LANsonic's DAS-750 Pro delivers the power and features demanded by the serious digital music aficionado, integrating a hard drive-based jukebox, network connectivity to a PC, and Internet support for MP3 radio stations. For certain people, this is the perfect way to get MP3s onto the living room stereo. But getting all of these features up and running requires a bit of expertise in PC networking. You'll also need a sizable wad of cash. LANsonic's DAS-750 Pro delivers the power and features demanded by the serious digital music aficionado, integrating a hard drive-based jukebox, network connectivity to a PC, and Internet support for MP3 radio stations. For certain people, this is the perfect way to get MP3s onto the living room stereo. But getting all of these features up and running requires a bit of expertise in PC networking. You'll also need a sizable wad of cash.
Setting up the DAS-750 Pro can be downright difficult. It connects to your PC via Ethernet cables using the TCP/IP protocol. The manual offers some guidance, but you'll still need a solid understanding of networks and file sharing to get it to work. Connecting the LANsonic to your stereo system is a piece of cake compared to the PC-connection ordeal described above. The unit offers an analog stereo output, optical and coaxial digital outs and inputs, three sets of analog inputs, and a headphone jack. These various inputs and outputs make it possible to use the LANsonic with many existing setups.
The unit plays music from three sources, the first being a shared directory of an Ethernet-networked PC. In this way, the unit is similar to Sonicblue's Rio Digital Audio Receiver (DAR) or Turtle Beach Systems' AudioTron. If your network is connected to the Internet, the LANsonic can play MP3 music streamed from online radio sources such as Live365 stations. The device's third music source is its 20GB hard drive, which can store several hundred albums. Unlike some other music consoles with hard drives, there's no CD-ROM drive, so you can't rip music CDs on the unit itself.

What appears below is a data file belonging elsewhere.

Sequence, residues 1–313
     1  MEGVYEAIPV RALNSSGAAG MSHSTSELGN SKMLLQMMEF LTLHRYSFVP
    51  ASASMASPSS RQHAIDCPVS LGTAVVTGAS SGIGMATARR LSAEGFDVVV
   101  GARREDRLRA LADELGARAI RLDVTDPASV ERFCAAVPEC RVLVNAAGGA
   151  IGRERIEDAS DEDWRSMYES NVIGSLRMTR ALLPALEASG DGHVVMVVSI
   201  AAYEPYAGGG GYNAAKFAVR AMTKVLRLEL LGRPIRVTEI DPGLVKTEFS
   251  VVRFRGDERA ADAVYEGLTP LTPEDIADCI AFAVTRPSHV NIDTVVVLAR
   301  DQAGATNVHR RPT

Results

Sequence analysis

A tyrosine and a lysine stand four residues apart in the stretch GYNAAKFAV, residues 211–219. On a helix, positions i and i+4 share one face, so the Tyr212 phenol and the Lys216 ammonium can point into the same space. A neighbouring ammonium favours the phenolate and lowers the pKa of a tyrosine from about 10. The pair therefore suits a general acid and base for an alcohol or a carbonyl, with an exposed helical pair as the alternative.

The standard way to get music onto the hard drive is to copy files from your PC over the network, but there's a much cooler way to go if you have the scratch. For more large-scale encoding, you'll want to use the MusicLoader feature. This lets you connect the unit digitally to Sony CD changers, which have an A1 II interface (sometimes called S-Link). We tested this functionality using the Sony CDP-CX53. We programmed the LANsonic to record all 50 CDs automatically, attaching all of the appropriate title and artist tags to the resulting MP3 files. Note that ripping occurs in real time (in other words, at standard play speed). It would probably take more than two days to encode 50 CDs to the LANsonic hard drive, but considering that you don't have to be there while the encoding takes place, this isn't actually that inconvenient.
This model has another one-of-a-kind feature, called SonaPak, which compresses audio by one-half without losing any information. The LANsonic also includes RS-232 for integration with home automation setups such as AMX, formerly known as Panja. (The regular DAS-750 lacks these two features.)
There are three ways to control the LANsonic. A single dial on the front of the unit is the primary control, letting you select songs to play, create system settings, and more, but we preferred to use the device's Web interface from a PC on the network. You can also buy a third-party universal remote control to access functions such as song-skipping and playlists, but the LCD on the unit isn't readable from a distance, so this approach has its downside.
For techies and MP3 hoarders only
Once we finally got the DAS-750 Pro connected to our Ethernet network, loaded music onto its hard drive, and learned the controls, we found it a pleasure to use. Newbies would be ill-advised to attempt installation themselves, but they can use the device without problems once it has been set up by someone more proficient with home networking. Its 20-bit digital audio conversion (analog-to-digital and digital-to-analog) with 40-bit signal processing delivered excellent sound quality. The DAS-750 Pro could work as a music server for all of the stereos and PCs around your house. Priced at $995 with a 20GB hard drive (a compatible Sony CD player costs $395 more), the DAS-750 Pro's price, not to mention its difficult setup, puts it beyond the reach of the average consumer. But for those who can both pay for and take advantage of its many features, this product merits consideration.